but took notice to the opposing pitcher who often shut down the Morgan-led Brother Martin offense. Later in Hellmers’ junior year, LSU hosted a tournament at Alex Box Stadium. Hellmers’ Jesuit team was invited. “We want you to pitch,” Hellmers recalled Cain telling him prior to the tournament. In his future home and in front of his future coaches, Hellmers pitched well. Well enough to catch the attention — if he hadn’t already — of Cain and pitching coach Alan Dunn. After his showing, Cain called Hellmers into his office with Dunn. “We want you,” Cain told Hellmers. “So that was the unofficial offer at that point,” Hellmers said. “Things went on that summer, and I came on an unofficial visit, and I committed as soon as I got the official offer. My decision was made.” After the first two games of the season, Hellmers was moved back to pitching full time. Looking back at the third base experiment, he says it made him a stronger person both physically and mentally as he prepared for the transition back to the mound. “I’ll always remember that as something that made me a stronger person and a stronger player,” he said. “I was confident in it, but things happen. Life’s a dance. You learn as you go.” He made his debut on the mound on Feb. 24, a Wednesday night game in Lafayette against ULL just three days after his last appearance at third base. He struck out two batters and didn’t allow a single hitter to reach base safely in two innings of work. He tossed another two innings the following weekend against Youngstown State. He got his first start the following Wednesday against Southern, striking out six and allowing just two hits in five innings. With another successful outing and many more since then, Hellmers proved he belonged on that field that he said he would play on one day when he was six. More importantly, he reached his dream by overcoming the initial adversity of a debut unlike any other. He always imagined his first time taking the field as a Tiger would be on the mound, not at third base or in the batter’s box, but he wouldn’t go back and change it if he could. “Baseball is a humbling sport,” Hellmers said. “You have to fail to succeed. That’s always got to be in the back of your head. You have to grind through it to succeed.”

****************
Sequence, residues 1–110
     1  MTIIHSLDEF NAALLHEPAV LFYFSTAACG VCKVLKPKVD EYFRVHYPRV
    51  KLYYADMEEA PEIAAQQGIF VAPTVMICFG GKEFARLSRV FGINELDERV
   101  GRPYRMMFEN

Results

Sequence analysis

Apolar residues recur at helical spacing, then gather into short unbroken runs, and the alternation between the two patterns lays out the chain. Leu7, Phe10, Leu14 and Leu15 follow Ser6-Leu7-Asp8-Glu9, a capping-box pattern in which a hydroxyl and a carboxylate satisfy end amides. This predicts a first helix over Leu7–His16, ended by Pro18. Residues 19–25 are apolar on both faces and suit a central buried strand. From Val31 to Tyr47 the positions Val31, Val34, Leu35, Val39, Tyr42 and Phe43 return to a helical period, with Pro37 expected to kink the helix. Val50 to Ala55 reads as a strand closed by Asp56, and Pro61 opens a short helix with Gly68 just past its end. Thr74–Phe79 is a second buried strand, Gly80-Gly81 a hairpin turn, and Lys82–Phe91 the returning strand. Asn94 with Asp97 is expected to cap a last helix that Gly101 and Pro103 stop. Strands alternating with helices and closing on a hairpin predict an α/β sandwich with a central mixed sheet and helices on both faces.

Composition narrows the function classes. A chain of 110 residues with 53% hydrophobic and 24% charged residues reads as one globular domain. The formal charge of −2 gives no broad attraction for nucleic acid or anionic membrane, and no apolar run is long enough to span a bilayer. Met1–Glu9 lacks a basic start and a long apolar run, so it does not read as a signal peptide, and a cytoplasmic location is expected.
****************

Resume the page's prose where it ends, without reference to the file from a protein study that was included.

Page by: Emma Reynolds Photo by: Madison Dolive
campus masks I
n July of 2020, Gov. John Bel Edwards announced a mandatory mask requirement for the state of Louisiana due to the ongoing coronavirus pandemic. Further, he imposed a limit to social gatherings and capped them at a maximum of 50 people. Though the state saw improved COVID-19 infection numbers and loosened some of these restrictions—resulting in bigger gatherings and more business openings—the mask mandate remained in place for almost a year. Wearing a mask not only protects one’s self, but everyone nearby, as well. According to the Health and Safety portion of the LSU Roadmap, “the use of face coverings [was] required on campus, especially when it is not possible to maintain appropriate physical distancing of at least six feet, such as entering and exiting campus.” LSU provided every student with an LSU mask to promote the wearing of masks around school and in different social settings. Students typically gather in many different places on campus to study or simply socialize; the Student Union, for example. Cicily Christophe, the Student Union Information Desk assistant, said that she noticed a lot of people coming in and wearing their masks, but if they didn’t, she told them they were not allowed in the building. She added that taking off masks in small study groups was permitted. “I think that the mask mandate [was] necessary, especially for us young people because we are able to carry COVID-19 and spread it around to different people who can’t afford to
be sick,” Christophe said. LSU’s University Recreation also required that all staff members wore face masks during shifts. All visitors wore masks upon entry and exit of campus facilities, per the Governor’s Executive Order. This meant that students could not run, cycle, rock climb or do any of the other activities the UREC provided without a proper face covering. Freshman Tiger Girl, Sarah Bryan, said that the Tiger Girls has to wear masks (provided by LSU Athletics) to their practices. “I think it [was] definitely important,” Bryan said. “It definitely protected us since we wanted to be able to practice and have a season, and if that makes us able to train and stay with our teammates then it [was] worth it.” Another freshman, Gabriel Guillory, said he took a dance class wearing a mask and “about passed out and that working out with a mask on is suffocation.” However, Guillory added that he thought the mask mandate was amazing, and the more people that people take it seriously, the faster Louisiana could get out of it. Wearing a mask was a part of everyday life. Whether it’s from Old Navy, Walmart, Amazon or the fashionable LSU mask, it aided in slowing the spread of COVID-19. Though some people found mask wearing to be a pain, it was essential in moving forward to a better reality away from the virus. Slowing the spread was essential to making life normal again, and mask wearing was a crucial factor in doing so.
Page by: Emma Reynolds Story by: Victoria Boone Photos by: Emma Reynolds
quarantine hobbies W